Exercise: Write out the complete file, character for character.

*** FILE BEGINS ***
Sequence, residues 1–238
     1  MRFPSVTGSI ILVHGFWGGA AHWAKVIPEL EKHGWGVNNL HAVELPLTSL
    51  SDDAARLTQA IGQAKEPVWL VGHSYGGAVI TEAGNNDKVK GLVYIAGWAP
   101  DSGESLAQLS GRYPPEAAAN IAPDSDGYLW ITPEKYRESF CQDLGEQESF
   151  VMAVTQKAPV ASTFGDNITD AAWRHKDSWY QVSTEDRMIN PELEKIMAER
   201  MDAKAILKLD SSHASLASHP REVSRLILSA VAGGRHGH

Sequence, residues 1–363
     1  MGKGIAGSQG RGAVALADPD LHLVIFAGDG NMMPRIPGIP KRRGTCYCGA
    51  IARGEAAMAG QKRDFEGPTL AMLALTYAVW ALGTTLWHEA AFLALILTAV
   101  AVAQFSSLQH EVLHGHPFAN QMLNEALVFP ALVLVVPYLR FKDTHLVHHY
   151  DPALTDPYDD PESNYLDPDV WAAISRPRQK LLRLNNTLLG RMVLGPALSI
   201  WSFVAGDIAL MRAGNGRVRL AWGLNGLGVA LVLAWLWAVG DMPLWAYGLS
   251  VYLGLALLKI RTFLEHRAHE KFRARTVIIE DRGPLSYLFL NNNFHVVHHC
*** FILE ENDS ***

Sequence, residues 1–238
     1  MRFPSVTGSI ILVHGFWGGA AHWAKVIPEL EKHGWGVNNL HAVELPLTSL
    51  SDDAARLTQA IGQAKEPVWL VGHSYGGAVI TEAGNNDKVK GLVYIAGWAP
   101  DSGESLAQLS GRYPPEAAAN IAPDSDGYLW ITPEKYRESF CQDLGEQESF
   151  VMAVTQKAPV ASTFGDNITD AAWRHKDSWY QVSTEDRMIN PELEKIMAER
   201  MDAKAILKLD SSHASLASHP REVSRLILSA VAGGRHGH

Sequence, residues 1–363
     1  MGKGIAGSQG RGAVALADPD LHLVIFAGDG NMMPRIPGIP KRRGTCYCGA
    51  IARGEAAMAG QKRDFEGPTL AMLALTYAVW ALGTTLWHEA AFLALILTAV
   101  AVAQFSSLQH EVLHGHPFAN QMLNEALVFP ALVLVVPYLR FKDTHLVHHY
   151  DPALTDPYDD PESNYLDPDV WAAISRPRQK LLRLNNTLLG RMVLGPALSI
   201  WSFVAGDIAL MRAGNGRVRL AWGLNGLGVA LVLAWLWAVG DMPLWAYGLS
   251  VYLGLALLKI RTFLEHRAHE KFRARTVIIE DRGPLSYLFL NNNFHVVHHC